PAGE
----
A year ago in Tokyo, Radwanska fired her first shot across the bows of the WTA elite by claiming the most important title of her career to date. Twelve months later, two Premier Mandatory titles and a first major final have consolidated that breakthrough even more impressively than anyone could have expected. Outside an inability to solve Azarenka, in fact, Radwanska has recorded perhaps the strongest hard-court campaign of any woman this year, and her return to a second straight final in Tokyo illustrates her maturity as she aims to defend a title for the first time. Only once in the tournament has she lost more than four games in a set, elevating her form with each match until a nearly flawless performance against Kerber. Donating only four unforced errors in that semifinal rout, Radwanska continued the relatively aggressive mentality that she had shown against Wozniacki the day before in flattening her forehand down the line and looking for opportunities to redirect the ball. Normally a more conservative player, she completed the Tokyo-Beijing double last year by shifting towards a similarly aggressive strategy.
Not likely to limit her unforced errors to single digits, Petrova will aim to thrust Radwanska onto the defensive as soon as possible with penetrating serves and returns. Although she nearly exited the tournament in the quarterfinals, a comeback against Errani sparked the veteran’s confidence for a commanding victory over Stosur. Those consecutive upsets over top-10 upsets have catapulted Petrova to her highest ranking and most significant match in many months, where she once again claims the role of the heavy underdog. Often at her worst when under the greatest expectations, she might shine in a situation with reduced pressure, and the early stages of the match should reveal her level of self-belief. Since Radwanska feasts upon erratic players lacking in confidence, the Russian will need to assert herself behind her first serve with a higher percentage than she has posted for most of the tournament. Surviving without her greatest weapon on more than half of her service points, she will face a more consistent return game than from any of her previous opponents. Once the rallies reach a neutral position, Radwanska’s superior movement, fitness, and steadiness should prove crucial advantages.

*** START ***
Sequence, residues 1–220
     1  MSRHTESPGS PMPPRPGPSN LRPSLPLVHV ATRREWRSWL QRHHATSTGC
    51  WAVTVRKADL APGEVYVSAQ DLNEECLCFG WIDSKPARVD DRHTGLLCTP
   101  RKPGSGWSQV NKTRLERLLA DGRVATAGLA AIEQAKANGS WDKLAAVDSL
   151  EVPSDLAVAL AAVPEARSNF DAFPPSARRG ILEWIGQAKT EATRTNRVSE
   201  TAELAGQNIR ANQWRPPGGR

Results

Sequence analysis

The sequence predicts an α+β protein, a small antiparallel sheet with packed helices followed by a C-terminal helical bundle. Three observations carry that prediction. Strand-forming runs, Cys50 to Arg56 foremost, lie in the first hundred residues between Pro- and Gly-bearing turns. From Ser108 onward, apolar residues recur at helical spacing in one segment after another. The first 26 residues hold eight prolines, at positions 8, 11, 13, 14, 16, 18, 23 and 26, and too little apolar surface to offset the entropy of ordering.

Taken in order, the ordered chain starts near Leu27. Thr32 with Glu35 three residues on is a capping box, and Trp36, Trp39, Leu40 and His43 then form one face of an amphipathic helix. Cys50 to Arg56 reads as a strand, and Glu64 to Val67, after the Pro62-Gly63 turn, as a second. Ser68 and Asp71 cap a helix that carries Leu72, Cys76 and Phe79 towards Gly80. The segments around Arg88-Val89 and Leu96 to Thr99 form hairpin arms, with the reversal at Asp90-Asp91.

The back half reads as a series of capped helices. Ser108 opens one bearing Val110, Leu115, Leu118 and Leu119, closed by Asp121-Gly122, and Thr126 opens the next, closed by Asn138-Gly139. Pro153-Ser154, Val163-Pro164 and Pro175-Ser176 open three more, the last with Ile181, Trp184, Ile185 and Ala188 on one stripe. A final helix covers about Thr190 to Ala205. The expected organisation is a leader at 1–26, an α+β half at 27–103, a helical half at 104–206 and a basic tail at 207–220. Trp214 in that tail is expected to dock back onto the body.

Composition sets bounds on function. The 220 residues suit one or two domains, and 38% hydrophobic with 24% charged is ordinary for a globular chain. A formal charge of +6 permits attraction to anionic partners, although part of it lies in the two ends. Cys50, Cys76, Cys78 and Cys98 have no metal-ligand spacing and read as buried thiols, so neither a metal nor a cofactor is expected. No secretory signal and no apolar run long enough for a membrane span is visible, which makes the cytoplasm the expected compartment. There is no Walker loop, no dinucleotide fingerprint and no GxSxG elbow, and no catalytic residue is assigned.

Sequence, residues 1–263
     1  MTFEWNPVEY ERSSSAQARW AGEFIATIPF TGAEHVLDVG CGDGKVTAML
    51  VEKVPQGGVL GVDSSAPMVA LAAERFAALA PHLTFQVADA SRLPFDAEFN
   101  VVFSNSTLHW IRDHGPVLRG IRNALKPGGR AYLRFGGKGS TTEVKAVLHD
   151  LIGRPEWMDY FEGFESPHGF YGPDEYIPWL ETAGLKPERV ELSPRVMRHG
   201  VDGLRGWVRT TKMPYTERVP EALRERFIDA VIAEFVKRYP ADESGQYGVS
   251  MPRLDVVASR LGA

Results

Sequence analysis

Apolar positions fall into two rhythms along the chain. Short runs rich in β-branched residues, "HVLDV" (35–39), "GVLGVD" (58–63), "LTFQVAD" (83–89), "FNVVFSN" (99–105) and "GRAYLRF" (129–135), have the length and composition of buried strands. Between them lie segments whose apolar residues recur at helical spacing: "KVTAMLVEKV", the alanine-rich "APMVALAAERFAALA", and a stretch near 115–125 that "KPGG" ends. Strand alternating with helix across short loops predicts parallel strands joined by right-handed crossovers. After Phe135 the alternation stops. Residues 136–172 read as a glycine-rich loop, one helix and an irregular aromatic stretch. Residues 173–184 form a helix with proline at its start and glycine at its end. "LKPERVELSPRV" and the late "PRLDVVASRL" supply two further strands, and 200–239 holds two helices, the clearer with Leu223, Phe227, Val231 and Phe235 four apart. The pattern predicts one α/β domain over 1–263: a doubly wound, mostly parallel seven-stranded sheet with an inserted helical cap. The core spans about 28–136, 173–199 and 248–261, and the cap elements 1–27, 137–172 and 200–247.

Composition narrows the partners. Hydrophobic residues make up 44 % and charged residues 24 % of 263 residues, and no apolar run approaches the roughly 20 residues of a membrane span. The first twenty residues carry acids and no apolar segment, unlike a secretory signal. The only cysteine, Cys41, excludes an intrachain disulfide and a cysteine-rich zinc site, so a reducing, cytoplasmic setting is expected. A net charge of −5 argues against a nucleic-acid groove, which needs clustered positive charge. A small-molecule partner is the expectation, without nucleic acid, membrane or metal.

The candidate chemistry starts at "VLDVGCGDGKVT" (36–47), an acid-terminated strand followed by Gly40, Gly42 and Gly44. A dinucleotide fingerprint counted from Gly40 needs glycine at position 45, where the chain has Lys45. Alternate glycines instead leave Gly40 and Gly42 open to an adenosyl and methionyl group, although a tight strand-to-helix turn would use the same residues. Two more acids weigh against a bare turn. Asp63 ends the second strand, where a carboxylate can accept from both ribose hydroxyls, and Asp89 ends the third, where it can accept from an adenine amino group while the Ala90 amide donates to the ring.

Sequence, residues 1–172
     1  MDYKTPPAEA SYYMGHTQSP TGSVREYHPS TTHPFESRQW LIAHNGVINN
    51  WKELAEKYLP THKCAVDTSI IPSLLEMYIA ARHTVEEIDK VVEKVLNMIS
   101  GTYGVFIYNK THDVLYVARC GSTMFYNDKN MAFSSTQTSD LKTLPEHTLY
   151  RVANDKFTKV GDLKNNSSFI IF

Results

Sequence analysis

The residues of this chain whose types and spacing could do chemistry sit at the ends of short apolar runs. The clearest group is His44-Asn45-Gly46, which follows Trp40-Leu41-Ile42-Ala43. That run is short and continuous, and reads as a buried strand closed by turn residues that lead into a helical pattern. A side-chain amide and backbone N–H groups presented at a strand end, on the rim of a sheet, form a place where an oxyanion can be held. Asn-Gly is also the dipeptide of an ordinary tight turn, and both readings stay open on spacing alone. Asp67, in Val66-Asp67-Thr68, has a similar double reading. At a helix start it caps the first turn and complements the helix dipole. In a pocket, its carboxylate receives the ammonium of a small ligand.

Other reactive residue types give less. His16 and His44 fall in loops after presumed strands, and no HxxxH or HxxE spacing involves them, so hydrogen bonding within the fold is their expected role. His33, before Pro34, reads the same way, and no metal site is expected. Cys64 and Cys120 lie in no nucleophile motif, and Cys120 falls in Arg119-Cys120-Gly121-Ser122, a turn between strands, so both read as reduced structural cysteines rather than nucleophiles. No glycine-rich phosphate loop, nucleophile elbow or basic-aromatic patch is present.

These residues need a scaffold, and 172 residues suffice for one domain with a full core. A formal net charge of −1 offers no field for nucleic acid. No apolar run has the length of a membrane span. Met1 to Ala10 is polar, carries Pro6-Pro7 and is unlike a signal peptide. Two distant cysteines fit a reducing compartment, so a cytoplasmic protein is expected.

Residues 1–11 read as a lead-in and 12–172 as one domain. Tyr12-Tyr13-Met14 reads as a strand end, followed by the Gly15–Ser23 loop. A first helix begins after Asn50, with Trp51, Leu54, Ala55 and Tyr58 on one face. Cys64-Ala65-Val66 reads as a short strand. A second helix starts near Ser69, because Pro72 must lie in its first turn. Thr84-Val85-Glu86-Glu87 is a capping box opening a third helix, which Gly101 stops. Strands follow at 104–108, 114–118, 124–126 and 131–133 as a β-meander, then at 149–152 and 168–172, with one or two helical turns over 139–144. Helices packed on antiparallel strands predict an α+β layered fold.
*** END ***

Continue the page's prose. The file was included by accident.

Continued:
In finals, moreover, she regularly has risen to the occasion with a 10-2 record at non-majors (and six straight victories) as well as an unexpectedly sturdy effort in her first major final at Wimbledon, extending Serena to three sets. By contrast, Petrova has accumulated a modest 11-11 record in finals and has not claimed a tournament of this consequence since Berlin in 2006. When the two collided in an Eastbourne final four years ago, however, an entertaining three-set battle of cat and mouse unfolded during which the Russian saved three match points in the second set and snatched that set in an epic tiebreak—but could not sustain that momentum in the final set. Unless Petrova can shorten points and take time away from Radwanska, she should succumb to the same issues of durability sooner than she did when less depleted by age. Already having spent nearly twice as much time on court as her younger opponent, she either must win efficiently or not at all.